Clinical Image - Volume 2 - Issue 4

Intraoperative Point of Care Ultrasound Facilitates Diagnosis and Evacuation of Encapsulated Hematoma

Phil Y Yao1* ; Katharine M Hinchcliff2; Samuel H Lance2; John J Finneran1

1University of California San Diego, Department of Anesthesiology, San Diego, California.
2University of California San Diego, Department of Plastic Surgery, San Diego, California.

Received Date : May 13, 2022
Accepted Date : Jun 20, 2022
Published Date: Jul 04, 2022
Copyright:© Phil Y Yao 2022

*Corresponding Author : Phil Y Yao, University of California San Diego, Department of Anesthesiology, San Diego, California. 200 West Arbor Drive MC 8770. San Diego, CA 92103-8770. Tel: (404) 797-8989.

Body Text

The presented image was a 6 x 6 cm encapsulated hematoma deep to the gastrocnemius muscle with the surgeon’s finger as a reference for size (Figure 1 A/B). The surgery team had a high index of suspicion that an encapsulated hematoma was present in a coagulopathic patient who had previously underwent four-compartment fasciotomy, but despite excellent exposure from the fasciotomy incisions, the team was unable to locate the hematoma. The hematoma was revealed by the anesthesiologist using Point of Care Ultrasound (PoCUS) with a linear probe (13-6 MHz, HFL38, Edge-II ®, SonoSite), which was sterilely draped into the surgical field. After localizing the hematoma, a suction catheter was inserted and a total of 250 mL was drained (Figure 1C).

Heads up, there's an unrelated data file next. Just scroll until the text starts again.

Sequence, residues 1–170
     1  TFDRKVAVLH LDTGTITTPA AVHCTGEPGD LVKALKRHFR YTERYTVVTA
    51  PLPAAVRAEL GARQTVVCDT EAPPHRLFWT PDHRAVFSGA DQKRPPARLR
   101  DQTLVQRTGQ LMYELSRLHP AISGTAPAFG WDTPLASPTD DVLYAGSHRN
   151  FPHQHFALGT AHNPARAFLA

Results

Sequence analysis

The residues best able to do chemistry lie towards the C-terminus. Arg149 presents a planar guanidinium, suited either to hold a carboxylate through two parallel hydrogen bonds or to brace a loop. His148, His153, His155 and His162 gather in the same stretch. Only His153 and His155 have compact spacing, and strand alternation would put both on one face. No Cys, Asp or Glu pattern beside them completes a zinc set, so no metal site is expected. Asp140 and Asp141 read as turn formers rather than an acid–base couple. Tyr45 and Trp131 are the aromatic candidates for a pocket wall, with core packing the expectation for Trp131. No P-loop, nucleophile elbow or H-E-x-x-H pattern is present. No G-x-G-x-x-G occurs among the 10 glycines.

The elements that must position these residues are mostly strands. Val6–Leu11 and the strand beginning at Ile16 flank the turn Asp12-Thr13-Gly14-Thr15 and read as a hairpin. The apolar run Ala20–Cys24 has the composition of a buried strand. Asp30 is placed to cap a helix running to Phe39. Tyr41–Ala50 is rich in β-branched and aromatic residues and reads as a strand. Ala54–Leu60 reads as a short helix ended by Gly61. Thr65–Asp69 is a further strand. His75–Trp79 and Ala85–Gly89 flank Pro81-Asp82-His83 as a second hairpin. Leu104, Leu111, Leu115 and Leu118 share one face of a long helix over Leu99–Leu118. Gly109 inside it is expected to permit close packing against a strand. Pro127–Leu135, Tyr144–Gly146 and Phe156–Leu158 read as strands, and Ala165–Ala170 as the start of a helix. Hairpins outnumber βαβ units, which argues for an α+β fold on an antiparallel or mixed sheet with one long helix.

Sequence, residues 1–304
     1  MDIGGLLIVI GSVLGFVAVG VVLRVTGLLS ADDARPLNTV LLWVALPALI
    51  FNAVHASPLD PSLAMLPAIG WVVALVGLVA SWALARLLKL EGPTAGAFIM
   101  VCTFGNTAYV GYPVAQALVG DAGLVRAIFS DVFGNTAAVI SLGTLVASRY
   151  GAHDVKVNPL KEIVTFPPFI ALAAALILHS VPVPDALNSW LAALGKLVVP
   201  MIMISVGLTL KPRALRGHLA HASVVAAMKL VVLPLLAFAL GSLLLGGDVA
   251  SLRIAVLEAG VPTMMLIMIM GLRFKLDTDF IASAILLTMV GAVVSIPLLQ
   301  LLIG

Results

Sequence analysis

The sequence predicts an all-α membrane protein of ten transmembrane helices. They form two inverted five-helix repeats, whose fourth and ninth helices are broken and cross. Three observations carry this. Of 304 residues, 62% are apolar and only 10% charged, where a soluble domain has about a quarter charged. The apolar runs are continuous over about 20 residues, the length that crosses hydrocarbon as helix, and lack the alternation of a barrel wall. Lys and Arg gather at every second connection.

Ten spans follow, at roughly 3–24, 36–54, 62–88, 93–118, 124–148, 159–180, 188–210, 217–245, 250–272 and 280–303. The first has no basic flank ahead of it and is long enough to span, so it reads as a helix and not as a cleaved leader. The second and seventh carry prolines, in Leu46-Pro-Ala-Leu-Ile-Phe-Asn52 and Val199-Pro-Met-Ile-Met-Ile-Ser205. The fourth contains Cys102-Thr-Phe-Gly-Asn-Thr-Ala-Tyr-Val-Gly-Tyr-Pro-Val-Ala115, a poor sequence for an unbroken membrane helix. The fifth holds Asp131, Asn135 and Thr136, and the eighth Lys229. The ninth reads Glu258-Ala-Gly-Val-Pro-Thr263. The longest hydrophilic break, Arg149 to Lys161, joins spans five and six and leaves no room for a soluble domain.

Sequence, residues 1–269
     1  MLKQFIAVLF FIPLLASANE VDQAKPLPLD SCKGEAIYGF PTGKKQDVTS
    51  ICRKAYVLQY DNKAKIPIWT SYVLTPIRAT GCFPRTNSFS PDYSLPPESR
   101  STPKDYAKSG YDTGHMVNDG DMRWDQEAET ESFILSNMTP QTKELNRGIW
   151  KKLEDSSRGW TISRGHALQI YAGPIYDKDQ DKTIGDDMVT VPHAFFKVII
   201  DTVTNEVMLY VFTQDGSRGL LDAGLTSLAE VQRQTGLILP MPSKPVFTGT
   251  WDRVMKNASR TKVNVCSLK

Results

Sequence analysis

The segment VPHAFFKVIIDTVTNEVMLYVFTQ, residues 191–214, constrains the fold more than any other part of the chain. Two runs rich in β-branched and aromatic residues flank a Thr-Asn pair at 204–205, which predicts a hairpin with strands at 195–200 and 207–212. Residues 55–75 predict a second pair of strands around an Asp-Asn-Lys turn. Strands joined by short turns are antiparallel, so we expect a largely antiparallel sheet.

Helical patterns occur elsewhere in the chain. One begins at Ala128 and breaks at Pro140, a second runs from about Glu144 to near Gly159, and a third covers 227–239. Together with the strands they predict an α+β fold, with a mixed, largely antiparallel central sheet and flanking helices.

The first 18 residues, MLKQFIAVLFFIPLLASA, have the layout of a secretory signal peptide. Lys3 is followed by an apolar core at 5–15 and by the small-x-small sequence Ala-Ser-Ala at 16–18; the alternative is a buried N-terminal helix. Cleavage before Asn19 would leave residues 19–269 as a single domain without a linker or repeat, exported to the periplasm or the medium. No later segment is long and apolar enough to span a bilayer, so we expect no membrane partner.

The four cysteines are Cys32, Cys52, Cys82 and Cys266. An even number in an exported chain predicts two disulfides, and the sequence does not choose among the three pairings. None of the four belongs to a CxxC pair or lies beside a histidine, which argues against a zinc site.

While the gold standard for diagnosing soft tissue pathology is magnetic resonance imaging or computed tomography, both are rarely readily available intraoperatively and having to travel to the imaging suite could delay care and increase costs. PoCUS is a well-established modality for initial evaluation and treatment of soft tissue pathologies in the emergency department and is readily available to many anesthesiologists in the operating theatre. This image highlights a potentially important role for the anesthesiologist, as the person in the operating room who is most likely to be a skilled ultrasonographer. Anesthesiologists could consider more routine use of PoCUS, which some have proposed to be the fifth pillar of physical examination, in the perioperative environment to help guide surgical management of patients with suspected soft tissue pathology.

Clinical Trial Registry: None.

Prior Presentations: None.

Acknowledgements: None.

Summary Statement: Not Applicable.

Funding: None.

Conflicts of Interest: No conflicts to report.